Russia Will Ask the Open Skies Commission to Approve Spy Missions Over US

0
Share
Russian Air Force Beriev A-50 surveillance plane (file photo)
Russian Air Force Beriev A-50 surveillance plane (file photo)

Russia will ask a world government body to approve spy missions over the US though they don’t call them that though that’s what they are. Russia is asking under the auspices of a treaty they don’t follow  – the Open Skies Treaty. The Russian planes conducting these missions will be equipped with high-powered cameras.

Since the Open Skies Treaty was first signed, President Obama has gotten us into more wars and spurred the beginnings of a Cold War with Russia and as a result the agreement is taking a dark turn.

Russia wants to start flying surveillance planes equipped with high-powered digital cameras amid warnings from U.S. intelligence and military officials that such overflights help Moscow collect intelligence on the United States.

Russia is taking advantage of modern technology and the 14-year old agreement to spy rather than use the surveillance as a guarantee we are not preparing to conduct a war against them, which was the original intent.

Russia will formally ask the Open Skies Consultative Commission, based in Vienna, to be allowed to fly an aircraft equipped with high-tech sensors over the United States.

Since Obama is the decision maker, we can be sure we are in the hands of someone who does not have the best interests of the United States at heart.

“The treaty has become a critical component of Russia’s intelligence collection capability directed at the United States,” Adm. Cecil D. Haney, commander of the U.S. Strategic Command, wrote in a letter earlier this year to Rep. Mike Rogers, R-Ala., chairman of a House subcommittee on strategic forces, Fox News reported.

“In addition to overflying military installations, Russian Open Skies flights can overfly and collect on Department of Defense and national security or national critical infrastructure,” Haney said. “The vulnerability exposed by exploitation of this data and costs of mitigation are increasingly difficult to characterize.”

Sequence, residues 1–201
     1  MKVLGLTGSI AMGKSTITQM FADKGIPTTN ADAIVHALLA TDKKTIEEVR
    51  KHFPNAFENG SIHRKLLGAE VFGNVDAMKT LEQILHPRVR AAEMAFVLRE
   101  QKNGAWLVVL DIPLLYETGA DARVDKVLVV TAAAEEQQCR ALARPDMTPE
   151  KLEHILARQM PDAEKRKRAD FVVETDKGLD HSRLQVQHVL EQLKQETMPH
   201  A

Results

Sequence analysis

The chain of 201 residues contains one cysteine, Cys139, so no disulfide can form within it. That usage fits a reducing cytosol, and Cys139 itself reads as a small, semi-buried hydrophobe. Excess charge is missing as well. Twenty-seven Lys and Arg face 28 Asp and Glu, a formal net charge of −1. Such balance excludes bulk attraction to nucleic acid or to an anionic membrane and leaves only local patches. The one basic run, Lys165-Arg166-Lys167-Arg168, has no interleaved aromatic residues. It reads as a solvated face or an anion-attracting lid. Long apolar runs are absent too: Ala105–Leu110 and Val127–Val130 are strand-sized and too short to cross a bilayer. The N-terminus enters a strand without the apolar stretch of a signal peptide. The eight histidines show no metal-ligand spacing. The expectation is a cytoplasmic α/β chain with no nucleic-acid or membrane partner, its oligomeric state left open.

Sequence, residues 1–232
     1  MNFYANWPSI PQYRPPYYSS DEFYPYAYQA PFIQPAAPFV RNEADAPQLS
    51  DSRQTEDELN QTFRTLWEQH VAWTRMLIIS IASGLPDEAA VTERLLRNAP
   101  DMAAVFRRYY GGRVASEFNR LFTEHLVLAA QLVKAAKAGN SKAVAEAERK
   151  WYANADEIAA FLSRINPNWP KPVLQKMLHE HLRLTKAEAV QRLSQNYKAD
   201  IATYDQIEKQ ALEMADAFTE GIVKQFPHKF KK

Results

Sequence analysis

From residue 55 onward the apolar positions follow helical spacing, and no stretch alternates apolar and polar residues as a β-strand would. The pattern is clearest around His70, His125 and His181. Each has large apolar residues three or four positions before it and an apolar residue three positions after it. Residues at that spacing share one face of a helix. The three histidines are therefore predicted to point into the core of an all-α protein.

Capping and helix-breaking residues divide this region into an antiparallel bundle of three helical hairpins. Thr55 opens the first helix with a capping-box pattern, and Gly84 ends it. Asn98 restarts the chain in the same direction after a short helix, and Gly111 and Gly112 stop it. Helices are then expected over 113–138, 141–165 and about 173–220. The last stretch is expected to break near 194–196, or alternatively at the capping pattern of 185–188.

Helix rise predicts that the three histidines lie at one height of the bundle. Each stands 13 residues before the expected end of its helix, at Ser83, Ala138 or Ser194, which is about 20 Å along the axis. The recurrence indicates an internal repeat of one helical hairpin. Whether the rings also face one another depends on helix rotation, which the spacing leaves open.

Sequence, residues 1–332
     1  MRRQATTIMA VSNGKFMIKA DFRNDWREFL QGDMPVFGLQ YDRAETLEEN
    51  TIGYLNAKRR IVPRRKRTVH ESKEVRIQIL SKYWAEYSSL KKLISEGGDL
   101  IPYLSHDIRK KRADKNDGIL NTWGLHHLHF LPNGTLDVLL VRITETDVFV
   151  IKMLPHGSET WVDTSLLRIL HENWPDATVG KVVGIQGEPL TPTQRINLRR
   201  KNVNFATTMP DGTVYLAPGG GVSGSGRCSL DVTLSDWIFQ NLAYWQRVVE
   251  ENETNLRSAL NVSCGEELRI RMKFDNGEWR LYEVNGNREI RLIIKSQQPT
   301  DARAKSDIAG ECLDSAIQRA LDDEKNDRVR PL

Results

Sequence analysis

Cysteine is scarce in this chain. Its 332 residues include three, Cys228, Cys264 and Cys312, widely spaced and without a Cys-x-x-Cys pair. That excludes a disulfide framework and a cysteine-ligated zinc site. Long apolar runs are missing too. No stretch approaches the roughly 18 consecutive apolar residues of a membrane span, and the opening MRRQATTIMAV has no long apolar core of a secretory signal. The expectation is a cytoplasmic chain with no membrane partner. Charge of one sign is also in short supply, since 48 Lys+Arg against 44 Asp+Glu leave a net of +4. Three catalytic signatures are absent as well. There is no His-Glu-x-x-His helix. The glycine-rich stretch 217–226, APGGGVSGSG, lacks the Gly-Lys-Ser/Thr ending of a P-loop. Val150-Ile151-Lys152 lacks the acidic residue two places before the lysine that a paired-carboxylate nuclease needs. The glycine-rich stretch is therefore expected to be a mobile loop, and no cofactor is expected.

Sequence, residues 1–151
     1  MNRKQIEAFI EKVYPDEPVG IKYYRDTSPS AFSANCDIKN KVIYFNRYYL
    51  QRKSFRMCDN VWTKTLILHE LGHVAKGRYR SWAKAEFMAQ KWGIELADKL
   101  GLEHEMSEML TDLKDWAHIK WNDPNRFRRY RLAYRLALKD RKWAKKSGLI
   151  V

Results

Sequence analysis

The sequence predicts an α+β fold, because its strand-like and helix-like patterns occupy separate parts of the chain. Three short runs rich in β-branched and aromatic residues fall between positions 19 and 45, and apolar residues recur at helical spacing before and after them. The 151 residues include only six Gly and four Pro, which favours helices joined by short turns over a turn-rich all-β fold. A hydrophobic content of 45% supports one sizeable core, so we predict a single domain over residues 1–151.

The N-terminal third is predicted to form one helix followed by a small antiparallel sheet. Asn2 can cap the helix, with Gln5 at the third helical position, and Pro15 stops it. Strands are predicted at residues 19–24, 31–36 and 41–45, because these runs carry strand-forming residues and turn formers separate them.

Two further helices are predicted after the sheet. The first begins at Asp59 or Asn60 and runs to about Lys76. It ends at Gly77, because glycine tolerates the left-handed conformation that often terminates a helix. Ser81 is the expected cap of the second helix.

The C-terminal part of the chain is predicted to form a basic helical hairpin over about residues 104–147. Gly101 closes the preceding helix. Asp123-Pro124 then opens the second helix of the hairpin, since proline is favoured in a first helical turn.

I know, we could then put the photos on Hillary’s server. This administration doesn’t pay much attention to national security.

Russian planes with “digital-electro-optical sensors” require an agreement of all signatories so Russia will ask for it.

Some believe Russia really doesn’t gain all  that much information from these flights. That’s true, they have much more of an advantage buying our uranium mines thanks to the Bill and Hillary Clinton shenanigans.

The information is supposed to be shared openly – that’s not a joke- the signatories think it’s going to happen.

The Open Skies era is dead and the sooner our leaders realize that, the better. Russia doesn’t even follow the confines of the treaty. They have restrictions on surveillance over Moscow, and Chechnya and near Abkhazia and South Ossetia.

Lockheed Martin F-22A Raptor
Lockheed Martin F-22A Raptor

Russia most likely used its air campaign in Syria as an opportunity to gather intelligence on U.S. forces and gain operational experience on the latest hardware. Gathering information on the U.S. Air Force’s stealthy fifth-generation F-22 Raptor air superiority fighter is of particular interest to the Russian military.

Open skies had a good intent historically.

At a Geneva Conference meeting with Soviet Premier Nikolai Bulganin in 1955, President Eisenhower proposed that the United States and Soviet Union conduct surveillance overflights of each other’s territory to reassure each country that the other was not preparing to attack. The fears and suspicions of the Cold War led Soviet General Secretary Nikita Khrushchev to reject Eisenhower’s proposal.

Thirty-four years later, the Open Skies concept was reintroduced by President George H. W. Bush as a means to build confidence and security between all North Atlantic Treaty Organisation (NATO) and Warsaw Pact countries.

The Treaty on Open Skies entered into force on January 1, 2002, and currently has 34 States Parties. The 34 State Parties to the Open Skies Treaty are: Belarus, Belgium, Bosnia and Herzegovina, Bulgaria, Canada, Croatia, Czech Republic, Denmark, Estonia, Finland, France, Georgia, Germany, Greece, Hungary, Iceland, Italy, Latvia, Lithuania, Luxembourg, Netherlands, Norway, Poland, Portugal, Romania, Russian Federation, Slovak Republic, Slovenia, Spain, Sweden, Turkey, Ukraine, United Kingdom, and United States. Kyrgyzstan has signed but not yet ratified.

Formal observation flights began in August 2002.

Russian Defence Ministry spokesman stated on 4 February 2016 that Turkey had refused Russian Open Skies mission, planned to take place in 1–5 February 2016, to flight over the areas adjacent to Syria, as well as over NATO airbases.

With the current wars, it’s very understandable and giving the edge to an ally of Bashar al-Assad, an enemy of Turkey’s, makes no sense.

This treaty needs to be redefined to meet the times but our president who does nothing when he’s not fundamentally transforming us can be counted on to make the wrong decision.

Source: Fox News

Share